COMMUNITY CORE gives educators the tools to empower students to be true leaders and partners in building a positive, powerful, and proactive school community.
Community Core founder, Rob Gallo’s path from teenager growing up in Washington Heights in New York City to leader in experiential education is one of adventure and personal conviction. Rob has consciously dedicated his career to working to build authentic youth leadership in summer camps and schools--both public and independent, and with the adult leaders and teachers of these young people.
While the environments in schools and summer camps are decidedly different; there are common threads. Rob and his team have found that students desire the same thing, someone to engage them on the issues that truly affect their lives every day. Understanding the social and emotional world that young people inhabit is the first step to cultivating their complete growth.
Healthy Peer Relationships
These are the currency of the Social-Emotional Literacy training center at Driftwood Ranch Camp. Over the last 12 years, participants of all ages and backgrounds have taken part in intensive, meaningful activities and workshops to identify, discuss and practice these life skills. With a dedicated staff, a clear mission, and a one-of-a-kind experiential curriculum involving horse round-penning, the Community Core approach at Driftwood has inspired young people and their adult leaders to find a new vision to face the comprehensive problem that faces us as educators, parents, and students. Over the course of a few days at Driftwood, students from all backgrounds who arrived appearing to be unengaged, shut-down, nervous, cliquish, and skeptical found themselves sitting around the evening fire circles, sharing their joy, their fears, and their hopes, because they were embraced in an authentic culture that respected their deeper needs.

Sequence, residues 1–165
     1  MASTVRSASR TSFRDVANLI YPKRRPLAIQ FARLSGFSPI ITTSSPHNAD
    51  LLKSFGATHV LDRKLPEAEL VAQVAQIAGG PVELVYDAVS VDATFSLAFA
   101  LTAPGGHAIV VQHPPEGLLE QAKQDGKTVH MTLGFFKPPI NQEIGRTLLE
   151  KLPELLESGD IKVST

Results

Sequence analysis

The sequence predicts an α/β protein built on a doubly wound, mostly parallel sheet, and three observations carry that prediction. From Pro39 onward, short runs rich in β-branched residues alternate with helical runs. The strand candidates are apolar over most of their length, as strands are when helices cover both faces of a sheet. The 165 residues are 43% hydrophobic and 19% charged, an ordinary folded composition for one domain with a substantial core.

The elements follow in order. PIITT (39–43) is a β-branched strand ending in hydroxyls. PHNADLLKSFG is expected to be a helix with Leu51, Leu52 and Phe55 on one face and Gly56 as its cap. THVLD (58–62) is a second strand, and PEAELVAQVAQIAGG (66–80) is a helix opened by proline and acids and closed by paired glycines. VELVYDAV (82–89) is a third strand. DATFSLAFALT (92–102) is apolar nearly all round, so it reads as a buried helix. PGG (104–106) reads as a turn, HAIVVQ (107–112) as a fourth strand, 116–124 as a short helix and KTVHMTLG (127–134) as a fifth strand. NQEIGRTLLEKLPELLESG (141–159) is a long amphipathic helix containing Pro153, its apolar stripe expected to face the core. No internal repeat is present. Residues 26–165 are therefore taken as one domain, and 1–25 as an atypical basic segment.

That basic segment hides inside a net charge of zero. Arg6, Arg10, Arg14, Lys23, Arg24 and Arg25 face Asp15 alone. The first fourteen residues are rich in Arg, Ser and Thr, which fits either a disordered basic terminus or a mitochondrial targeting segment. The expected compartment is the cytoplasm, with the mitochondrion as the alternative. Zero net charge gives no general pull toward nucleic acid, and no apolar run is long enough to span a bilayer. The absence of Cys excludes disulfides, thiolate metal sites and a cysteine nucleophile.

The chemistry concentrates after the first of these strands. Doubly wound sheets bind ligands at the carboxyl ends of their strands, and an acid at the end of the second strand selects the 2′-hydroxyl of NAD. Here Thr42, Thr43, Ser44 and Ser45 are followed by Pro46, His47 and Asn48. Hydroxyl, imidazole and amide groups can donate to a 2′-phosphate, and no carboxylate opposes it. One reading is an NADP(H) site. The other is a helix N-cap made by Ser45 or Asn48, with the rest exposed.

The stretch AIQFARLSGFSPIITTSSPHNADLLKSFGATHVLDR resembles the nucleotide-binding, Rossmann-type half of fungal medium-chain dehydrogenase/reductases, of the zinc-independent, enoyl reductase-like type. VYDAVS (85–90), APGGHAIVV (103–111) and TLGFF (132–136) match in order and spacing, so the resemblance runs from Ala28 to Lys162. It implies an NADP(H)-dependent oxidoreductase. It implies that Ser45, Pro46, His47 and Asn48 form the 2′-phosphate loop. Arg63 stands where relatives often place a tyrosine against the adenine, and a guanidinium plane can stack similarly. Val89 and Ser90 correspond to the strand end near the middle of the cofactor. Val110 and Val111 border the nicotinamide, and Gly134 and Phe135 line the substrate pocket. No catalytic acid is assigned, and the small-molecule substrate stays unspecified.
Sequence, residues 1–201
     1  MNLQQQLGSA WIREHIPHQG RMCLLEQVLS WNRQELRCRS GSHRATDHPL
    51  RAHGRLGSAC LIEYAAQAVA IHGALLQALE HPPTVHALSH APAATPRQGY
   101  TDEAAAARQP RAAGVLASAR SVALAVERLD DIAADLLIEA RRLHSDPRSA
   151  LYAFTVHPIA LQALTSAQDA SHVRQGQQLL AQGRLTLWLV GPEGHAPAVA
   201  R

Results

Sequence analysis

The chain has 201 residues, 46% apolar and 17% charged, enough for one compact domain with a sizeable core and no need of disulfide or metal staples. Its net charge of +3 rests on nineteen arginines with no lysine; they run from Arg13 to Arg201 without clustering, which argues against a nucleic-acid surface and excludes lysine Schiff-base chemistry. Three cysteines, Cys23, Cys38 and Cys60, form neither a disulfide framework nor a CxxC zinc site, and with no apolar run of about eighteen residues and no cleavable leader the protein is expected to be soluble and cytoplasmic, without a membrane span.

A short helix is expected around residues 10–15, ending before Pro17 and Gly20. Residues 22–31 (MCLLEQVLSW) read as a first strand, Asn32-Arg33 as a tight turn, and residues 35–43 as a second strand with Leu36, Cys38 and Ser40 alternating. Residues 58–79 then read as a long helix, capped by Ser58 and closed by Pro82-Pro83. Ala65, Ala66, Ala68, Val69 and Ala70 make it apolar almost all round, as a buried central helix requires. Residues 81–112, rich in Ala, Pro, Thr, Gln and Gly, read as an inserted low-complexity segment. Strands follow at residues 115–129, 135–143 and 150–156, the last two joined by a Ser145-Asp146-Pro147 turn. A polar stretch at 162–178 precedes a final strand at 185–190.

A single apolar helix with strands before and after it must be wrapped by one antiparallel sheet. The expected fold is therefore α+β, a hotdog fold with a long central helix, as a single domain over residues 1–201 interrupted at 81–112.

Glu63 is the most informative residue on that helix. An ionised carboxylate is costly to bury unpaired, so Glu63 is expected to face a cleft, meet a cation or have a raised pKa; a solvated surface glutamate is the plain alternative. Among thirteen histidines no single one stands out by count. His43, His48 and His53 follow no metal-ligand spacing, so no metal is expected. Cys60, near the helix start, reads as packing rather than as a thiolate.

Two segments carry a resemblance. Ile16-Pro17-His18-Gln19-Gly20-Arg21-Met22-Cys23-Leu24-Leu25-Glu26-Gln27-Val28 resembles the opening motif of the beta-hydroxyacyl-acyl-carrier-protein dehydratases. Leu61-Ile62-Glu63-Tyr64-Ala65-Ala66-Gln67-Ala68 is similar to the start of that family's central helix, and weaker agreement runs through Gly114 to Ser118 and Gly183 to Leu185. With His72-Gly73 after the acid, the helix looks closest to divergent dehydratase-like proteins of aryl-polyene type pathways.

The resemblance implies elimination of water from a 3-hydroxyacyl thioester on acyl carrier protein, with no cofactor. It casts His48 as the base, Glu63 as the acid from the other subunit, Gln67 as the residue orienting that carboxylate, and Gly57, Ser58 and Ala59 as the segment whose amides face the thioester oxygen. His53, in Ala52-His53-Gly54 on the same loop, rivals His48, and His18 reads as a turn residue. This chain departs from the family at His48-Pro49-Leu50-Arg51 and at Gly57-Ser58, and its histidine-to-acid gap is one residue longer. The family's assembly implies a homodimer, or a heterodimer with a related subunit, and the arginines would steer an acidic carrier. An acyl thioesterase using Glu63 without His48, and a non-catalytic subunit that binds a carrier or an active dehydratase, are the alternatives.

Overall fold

Sounds like a really nice PLACE, right?
At Driftwood, students were in a community that consciously put in place incentives for healthy behaviors. This was not the environment they rejoined at school. At school, the metrics of success were detached from one’s ability to care for the community. One can gain social capital at school by bullying. One can earn the honor and recognition of valedictorian by earning excellent grades, regardless of character. So, in this environment, why would a student say the unpopular thing? Why stand up for the bullied? Why evaluate others on the strength of their character? Parents, often in passing, said, “Why can’t the Driftwood model exist in schools?”
Enter COMMUNITY CORE.
A week at camp is not enough. An assembly once a semester is not enough. The solution must be as broad and all-encompassing as the issue at hand. Community Core was created to provide focused training, support, and curriculum to educators who want to bring these values back to school. Working with each school's unique mission and principles, we train educators how to teach the essential soft-skills and life tools needed to make their missions truly come alive.
We have students as captive audiences 6-8 hours a day at school and yet some students will go years without having a conversation about self-esteem, being inclusive, and how their actions affect a community. Students inhabit a world that is parallel to but hidden from the view of the faculty and administration. They navigate social obstacles, struggle with the emotional transition from child to young adult, and suffer and celebrate setbacks and triumphs without the guidance of those who have been through it all before them.
Many would say that this is not the job of schools; that there is not the time, the expertise or the will to take on this task.
Rob Gallo and the Community Core team are determined to push forward a new vision for schools' role in teaching and upholding the social-emotional tools needed for students to truly achieve success outside the classroom walls.
Community Core was created to overcome these obstacles and to give schools the confidence to take charge of cultivating not just writers and mathematicians but whole-hearted young people with the soft-skills and social-emotional literacy needed to be compassionate leaders and engaged, productive community members.